ANNAPOLIS – There’s no drought in Maryland, and despite the lack of rain, the state is better off than it was in 1999, state officials said.
“We’re not getting too worried,” said U.S. Geological Survey hydrologist Wendy McPherson. “Water supply is OK, there aren’t many crops growing, but it’s the future we’re concerned about.”
Maryland is in the “watch” stage, or the second of four stages used to determine drought conditions. The final stage is “emergency,” and constitutes a drought.
Factors for defining drought include rainfall, stream flow, and groundwater and reservoir levels. Maryland’s current groundwater and reservoir levels are mostly normal, but lack of rain and low stream flow is what has officials concerned.
Rainfall is running 28 percent of normal for October, according to the Maryland Department of the Environment.
Some streams, particularly in Carroll and Harford counties, are at record low levels. The longer the area goes without rain, the worse the other factors get.
“This is the time that we usually get a recharge,” McPherson said. “The streams are being fed mostly by groundwater and that’s going to keep going down because there is no rain.”
November is a critical month for determining the effects on next year’s growing season. If a lot of rain comes within the next few weeks, then the chances of drought will be all but eliminated.
Because spring and summer saw sufficient rain, crops for the most part fared well compared to the summer of 1999.
“The timing of the drought was fairly good for the summer crops,” said Don Vandrey, spokesman for the Maryland Department of Agriculture. “The drought of 1999 was all summer long and the summer crops just never got off the ground,” he said.
However, if rain doesn’t come within the next few weeks, crops like winter wheat could be damaged, Vandrey said.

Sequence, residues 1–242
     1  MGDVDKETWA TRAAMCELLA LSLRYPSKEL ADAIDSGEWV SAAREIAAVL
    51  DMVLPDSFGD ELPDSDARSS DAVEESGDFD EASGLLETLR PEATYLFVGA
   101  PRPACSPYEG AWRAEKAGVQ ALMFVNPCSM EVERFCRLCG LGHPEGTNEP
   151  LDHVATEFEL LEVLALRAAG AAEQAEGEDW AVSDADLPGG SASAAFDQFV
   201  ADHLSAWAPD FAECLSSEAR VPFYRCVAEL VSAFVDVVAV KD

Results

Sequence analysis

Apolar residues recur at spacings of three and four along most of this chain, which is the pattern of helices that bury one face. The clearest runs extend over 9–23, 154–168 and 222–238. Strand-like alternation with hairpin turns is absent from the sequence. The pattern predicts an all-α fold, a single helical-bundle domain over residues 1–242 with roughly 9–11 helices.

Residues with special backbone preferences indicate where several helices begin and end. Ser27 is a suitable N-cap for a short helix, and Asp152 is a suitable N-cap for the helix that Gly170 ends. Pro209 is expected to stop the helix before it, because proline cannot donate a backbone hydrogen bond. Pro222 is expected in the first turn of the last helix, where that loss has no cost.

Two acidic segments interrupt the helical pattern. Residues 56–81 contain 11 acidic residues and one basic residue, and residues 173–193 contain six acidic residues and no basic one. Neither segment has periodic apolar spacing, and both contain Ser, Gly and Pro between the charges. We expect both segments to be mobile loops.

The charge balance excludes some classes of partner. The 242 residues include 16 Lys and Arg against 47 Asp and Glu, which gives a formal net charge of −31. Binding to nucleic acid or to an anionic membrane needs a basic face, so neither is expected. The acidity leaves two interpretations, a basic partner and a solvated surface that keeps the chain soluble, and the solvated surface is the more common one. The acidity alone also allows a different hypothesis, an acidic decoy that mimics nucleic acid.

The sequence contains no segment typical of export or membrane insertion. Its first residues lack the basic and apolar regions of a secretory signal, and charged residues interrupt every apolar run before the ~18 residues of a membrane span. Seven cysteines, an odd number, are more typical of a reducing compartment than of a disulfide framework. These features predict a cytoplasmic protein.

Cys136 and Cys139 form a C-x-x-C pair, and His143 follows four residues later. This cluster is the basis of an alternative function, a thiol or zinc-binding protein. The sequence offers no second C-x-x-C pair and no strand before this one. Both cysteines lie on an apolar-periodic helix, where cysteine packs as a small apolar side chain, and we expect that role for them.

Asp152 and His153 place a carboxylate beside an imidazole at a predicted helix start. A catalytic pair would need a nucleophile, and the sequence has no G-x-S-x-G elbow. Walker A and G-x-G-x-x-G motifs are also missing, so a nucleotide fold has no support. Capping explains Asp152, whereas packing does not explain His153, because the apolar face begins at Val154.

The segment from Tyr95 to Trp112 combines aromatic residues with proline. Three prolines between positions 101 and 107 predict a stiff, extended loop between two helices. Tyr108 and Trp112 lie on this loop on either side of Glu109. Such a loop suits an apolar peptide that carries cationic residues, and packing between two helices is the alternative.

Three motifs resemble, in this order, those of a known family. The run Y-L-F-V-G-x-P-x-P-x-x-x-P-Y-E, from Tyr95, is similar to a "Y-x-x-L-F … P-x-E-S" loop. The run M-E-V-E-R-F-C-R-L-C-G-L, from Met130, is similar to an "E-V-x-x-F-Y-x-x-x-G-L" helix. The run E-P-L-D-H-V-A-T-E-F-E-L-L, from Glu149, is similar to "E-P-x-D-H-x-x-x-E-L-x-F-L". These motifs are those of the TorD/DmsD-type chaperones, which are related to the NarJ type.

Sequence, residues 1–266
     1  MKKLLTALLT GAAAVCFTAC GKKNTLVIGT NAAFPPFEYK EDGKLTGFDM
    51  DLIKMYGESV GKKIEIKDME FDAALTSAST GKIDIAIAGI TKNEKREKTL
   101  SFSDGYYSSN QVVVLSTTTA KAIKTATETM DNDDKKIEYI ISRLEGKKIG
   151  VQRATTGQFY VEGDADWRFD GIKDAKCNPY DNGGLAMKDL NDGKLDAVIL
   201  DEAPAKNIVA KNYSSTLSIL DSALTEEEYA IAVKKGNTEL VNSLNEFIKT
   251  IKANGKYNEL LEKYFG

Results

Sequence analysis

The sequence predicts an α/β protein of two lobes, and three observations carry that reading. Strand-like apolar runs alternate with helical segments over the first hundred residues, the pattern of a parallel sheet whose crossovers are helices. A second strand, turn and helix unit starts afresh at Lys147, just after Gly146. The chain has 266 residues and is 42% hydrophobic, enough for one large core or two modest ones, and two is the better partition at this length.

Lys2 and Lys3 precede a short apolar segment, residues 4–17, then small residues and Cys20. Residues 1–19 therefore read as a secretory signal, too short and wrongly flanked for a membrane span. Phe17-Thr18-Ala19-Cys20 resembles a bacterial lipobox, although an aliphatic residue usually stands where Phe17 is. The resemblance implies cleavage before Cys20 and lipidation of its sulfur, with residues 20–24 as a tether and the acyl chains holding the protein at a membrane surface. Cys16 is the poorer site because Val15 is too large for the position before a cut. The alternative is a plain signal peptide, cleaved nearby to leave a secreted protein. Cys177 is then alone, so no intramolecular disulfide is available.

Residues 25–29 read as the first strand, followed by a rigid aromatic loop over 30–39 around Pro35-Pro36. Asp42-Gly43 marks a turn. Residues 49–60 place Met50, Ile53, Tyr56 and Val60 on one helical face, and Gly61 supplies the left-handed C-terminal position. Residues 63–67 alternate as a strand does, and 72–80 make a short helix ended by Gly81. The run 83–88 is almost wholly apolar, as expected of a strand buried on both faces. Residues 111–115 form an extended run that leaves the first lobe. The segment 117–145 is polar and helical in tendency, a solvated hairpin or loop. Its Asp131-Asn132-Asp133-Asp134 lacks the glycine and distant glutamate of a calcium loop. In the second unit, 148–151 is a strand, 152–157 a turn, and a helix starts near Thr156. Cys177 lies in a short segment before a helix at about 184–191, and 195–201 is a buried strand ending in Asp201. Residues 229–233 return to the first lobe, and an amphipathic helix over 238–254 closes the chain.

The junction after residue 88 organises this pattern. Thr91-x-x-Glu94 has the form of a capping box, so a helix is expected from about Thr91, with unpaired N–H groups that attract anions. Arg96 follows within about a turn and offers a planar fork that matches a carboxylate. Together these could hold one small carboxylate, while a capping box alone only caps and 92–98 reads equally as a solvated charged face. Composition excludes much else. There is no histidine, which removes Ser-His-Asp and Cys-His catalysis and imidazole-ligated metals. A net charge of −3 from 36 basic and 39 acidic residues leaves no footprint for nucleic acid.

“If we don’t get water within the next three or four weeks, the seeds themselves can die,” he said.
A continuing lack of precipitation through the winter would have a negative impact on the spring growing season, McPherson said.
“We may go into next year with a deficit,” she said. “We’re going to need above-level precipitation if we’re going to have a normal spring.”
The worst impact the lack of rain has had is the high number of wild fires. Area firefighters have responded to more than 100 fires in the past few weeks, said Department of Natural Resources spokesman Chuck Porcari.
“For Maryland, these are extraordinarily large fires,” he said. “This is all relative to the fact that there is a lack of moisture in the ground.”
Maryland’s only weather-related restriction is a statewide ban on open fires in woodlands issued by Gov. Parris N. Glendening on Nov. 9. Although water restrictions are not in place, said Saeid Kasraei of the Maryland Department of the Environment, the state is encouraging people in northern counties within the drought watch area to conserve water.
“It’s not time to panic,” Kasraei said. “It’s time to be concerned.”